Media Disinformation regarding America’s Afghan War

Media Disinformation regarding America’s Afghan War

Examining a microcosm can shed light on the larger reality. I have chosen to analyze a small mountain hamlet, Chagoti Ghar (Chergotah), located some forty kilometers east of Khost city in eastern Afghanistan in a time frame separated by eight and a third years – November 23rd 2001 and March 24th 2010. Both times, two Afghan civilians perished as a result of foreign occupation fire. In both instances, the U.S corporate media was silent. Both times, to pierce the veil of silence spun by the American military industrial media information complex (MIMIC) a person had to turn to independent, regional media; in November 2001 to the Peshawar-based Afghan Islamic Press news agency and in March 2010, to the Kabul-based Pajhwok Afghan News.[1] Those killed in 2001 perished during morning prayers and those obliterated in 2010 succumbed after sundown. A women and girl were martyred in November 2001 and a teenaged couple was killed in March 2010. A Bush air strike killed two in 2001 and an Obama ground attack did the same in 2010.

BBC Monitoring Central Asia Unit
Supplied by BBC Worldwide Monitoring

November 23, 2001, Friday

“American aircraft bomb areas in eastern Afghanistan”

SOURCE: Afghan Islamic Press news agency, Peshawar, in Pashto 11:49 GMT 23 Nov 01

Text of report by Pakistan-based Afghan Islamic Press news agency

Peshawar, 23 November: American aircraft bombed Khost this morning, and one woman and a girl were martyred as a result.

During the Morning Prayer, American war planes bombed the house of a tribal leader, Haji Mohammad Naim Kochi, 20 km to the south of the Khost bazaar in Khost Province. One bomb fell on another house, and as a result one woman and a girl were martyred. Haji Mohammad Naim Kochi helped the Taliban government. And in 1992 he also worked in the previous mujahidin government…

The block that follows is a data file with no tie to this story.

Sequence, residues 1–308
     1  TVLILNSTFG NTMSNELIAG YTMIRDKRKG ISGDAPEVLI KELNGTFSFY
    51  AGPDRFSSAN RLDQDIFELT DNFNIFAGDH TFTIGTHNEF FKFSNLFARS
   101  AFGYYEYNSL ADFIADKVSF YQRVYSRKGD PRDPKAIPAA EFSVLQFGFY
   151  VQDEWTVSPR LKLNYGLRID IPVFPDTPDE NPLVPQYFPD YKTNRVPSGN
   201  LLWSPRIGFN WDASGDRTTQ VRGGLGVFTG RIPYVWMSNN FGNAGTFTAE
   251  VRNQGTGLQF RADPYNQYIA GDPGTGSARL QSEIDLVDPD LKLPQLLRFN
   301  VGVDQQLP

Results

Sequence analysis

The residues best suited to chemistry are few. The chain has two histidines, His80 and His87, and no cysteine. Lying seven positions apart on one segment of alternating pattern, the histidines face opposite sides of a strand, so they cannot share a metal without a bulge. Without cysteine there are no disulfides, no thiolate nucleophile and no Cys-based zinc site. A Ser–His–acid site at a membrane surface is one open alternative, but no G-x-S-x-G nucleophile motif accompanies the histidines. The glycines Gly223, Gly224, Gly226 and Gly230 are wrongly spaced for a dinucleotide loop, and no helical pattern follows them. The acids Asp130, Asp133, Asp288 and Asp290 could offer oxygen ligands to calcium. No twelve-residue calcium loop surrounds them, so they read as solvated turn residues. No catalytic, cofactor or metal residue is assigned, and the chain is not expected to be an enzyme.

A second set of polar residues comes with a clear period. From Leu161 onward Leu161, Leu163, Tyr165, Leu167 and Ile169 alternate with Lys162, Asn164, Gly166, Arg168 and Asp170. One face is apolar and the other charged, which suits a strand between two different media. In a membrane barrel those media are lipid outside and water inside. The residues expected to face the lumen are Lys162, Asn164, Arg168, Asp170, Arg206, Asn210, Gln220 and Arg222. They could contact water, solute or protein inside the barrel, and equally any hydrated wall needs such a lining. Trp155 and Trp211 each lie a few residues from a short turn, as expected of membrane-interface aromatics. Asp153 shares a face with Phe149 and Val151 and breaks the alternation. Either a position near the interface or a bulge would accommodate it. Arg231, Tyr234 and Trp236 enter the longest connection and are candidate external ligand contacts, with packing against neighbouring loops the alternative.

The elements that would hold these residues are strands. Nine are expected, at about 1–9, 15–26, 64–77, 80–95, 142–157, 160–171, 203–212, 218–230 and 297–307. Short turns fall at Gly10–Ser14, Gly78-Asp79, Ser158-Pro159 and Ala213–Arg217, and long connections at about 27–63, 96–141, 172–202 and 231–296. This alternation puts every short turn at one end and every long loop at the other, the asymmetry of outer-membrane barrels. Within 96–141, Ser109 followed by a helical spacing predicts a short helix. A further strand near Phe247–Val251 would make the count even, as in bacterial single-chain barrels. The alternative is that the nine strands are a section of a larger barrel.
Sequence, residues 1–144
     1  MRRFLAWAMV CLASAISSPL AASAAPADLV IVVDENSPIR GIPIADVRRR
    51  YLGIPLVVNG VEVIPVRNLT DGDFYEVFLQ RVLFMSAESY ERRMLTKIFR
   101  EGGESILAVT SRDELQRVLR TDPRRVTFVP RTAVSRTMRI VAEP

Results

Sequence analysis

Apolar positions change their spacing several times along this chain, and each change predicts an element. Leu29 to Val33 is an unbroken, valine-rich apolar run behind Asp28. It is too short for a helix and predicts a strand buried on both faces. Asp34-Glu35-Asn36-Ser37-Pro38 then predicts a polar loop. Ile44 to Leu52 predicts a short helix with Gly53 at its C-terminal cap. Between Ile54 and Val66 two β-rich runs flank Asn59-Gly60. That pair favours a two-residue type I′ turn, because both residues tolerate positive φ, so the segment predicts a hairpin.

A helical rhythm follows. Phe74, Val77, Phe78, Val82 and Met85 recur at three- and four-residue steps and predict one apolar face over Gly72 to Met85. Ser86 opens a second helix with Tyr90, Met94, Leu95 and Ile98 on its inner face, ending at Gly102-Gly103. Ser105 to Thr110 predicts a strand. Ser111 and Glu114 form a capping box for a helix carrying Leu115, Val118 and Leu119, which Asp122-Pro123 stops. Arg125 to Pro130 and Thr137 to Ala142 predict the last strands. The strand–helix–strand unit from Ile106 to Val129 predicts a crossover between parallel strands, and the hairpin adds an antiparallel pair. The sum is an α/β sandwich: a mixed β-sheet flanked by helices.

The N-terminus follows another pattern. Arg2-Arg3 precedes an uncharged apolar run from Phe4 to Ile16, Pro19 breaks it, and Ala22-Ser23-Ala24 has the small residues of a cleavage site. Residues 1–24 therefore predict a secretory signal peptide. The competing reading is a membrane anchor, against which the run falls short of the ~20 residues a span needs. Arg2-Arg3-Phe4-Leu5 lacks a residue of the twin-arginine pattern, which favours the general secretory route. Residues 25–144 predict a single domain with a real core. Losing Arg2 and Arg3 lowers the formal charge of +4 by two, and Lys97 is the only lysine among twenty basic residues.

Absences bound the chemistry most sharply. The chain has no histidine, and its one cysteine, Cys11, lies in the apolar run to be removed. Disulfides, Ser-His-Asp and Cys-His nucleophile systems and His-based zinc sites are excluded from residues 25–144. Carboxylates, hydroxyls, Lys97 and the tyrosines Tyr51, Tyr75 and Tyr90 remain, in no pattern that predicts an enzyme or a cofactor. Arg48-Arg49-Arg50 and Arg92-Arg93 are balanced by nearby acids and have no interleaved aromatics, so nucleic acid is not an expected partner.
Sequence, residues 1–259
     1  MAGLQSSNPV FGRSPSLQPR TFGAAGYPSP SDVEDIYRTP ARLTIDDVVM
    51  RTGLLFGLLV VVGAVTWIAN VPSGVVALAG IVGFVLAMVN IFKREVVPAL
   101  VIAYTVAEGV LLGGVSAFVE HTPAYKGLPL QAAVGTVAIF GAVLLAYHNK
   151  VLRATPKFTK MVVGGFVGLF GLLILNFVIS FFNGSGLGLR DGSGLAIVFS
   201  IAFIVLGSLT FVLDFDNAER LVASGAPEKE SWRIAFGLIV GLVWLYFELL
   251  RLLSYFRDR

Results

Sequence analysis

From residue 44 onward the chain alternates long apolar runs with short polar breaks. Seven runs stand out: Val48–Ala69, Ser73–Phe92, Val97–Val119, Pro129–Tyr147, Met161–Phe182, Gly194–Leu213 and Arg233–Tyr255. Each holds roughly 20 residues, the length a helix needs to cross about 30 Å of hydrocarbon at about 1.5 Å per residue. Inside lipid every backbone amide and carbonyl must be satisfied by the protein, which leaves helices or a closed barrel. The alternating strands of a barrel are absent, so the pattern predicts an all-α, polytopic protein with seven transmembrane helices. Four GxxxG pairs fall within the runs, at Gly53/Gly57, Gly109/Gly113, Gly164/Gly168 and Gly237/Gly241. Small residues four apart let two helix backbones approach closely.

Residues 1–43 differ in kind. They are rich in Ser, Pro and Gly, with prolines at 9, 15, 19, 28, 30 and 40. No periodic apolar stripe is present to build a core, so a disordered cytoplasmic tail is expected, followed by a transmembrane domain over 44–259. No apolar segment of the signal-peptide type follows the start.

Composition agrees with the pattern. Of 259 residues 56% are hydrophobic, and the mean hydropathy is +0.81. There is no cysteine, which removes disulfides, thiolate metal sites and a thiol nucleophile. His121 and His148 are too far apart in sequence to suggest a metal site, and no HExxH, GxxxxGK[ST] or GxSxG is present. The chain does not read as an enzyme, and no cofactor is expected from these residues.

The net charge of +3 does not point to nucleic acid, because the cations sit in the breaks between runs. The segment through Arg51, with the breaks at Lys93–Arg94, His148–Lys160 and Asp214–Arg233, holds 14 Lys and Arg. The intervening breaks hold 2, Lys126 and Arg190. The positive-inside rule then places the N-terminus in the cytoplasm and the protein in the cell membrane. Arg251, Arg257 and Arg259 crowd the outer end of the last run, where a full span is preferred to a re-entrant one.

“Civilians die in Khost clash”

 

SOURCE: Pajhwok Afghan News, Saboor Mangal – Mar 25, 2010 – 17:38

KHOST CITY (PAN): At least two Afghan civilians were killed and four others wounded in crossfire between NATO-led forces and Taliban militants in southeastern Afghanistan, officials said.

The incident occurred late Wednesday night in the Ali Sher district of Khost province, bordering Pakistan.

Civilian casualties have become a source of friction between President Hamid Karzai and Western leaders as deaths of non-combatants are undermining public support for the government.

The clash started after sundown when Taliban insurgents attacked a foreign military base, resident Ali Madad told Pajhwok Afghan News on Thursday.

A mortar shell fired by NATO forces hit a house in the Chargoti village, killing a teenaged couple and injuring a man, his wife and two of their children, Madad added.

The deaths are the latest in a series of civilian casualties occurring after the top commander of NATO forces in Afghanistan, Gen Stanley McChrystal, banned night raids in a directive to all foreign troops based in the country.

NATO forces have confirmed the Taliban raid on their outpost inflicted casualties on foreign troops, avoiding providing any further details.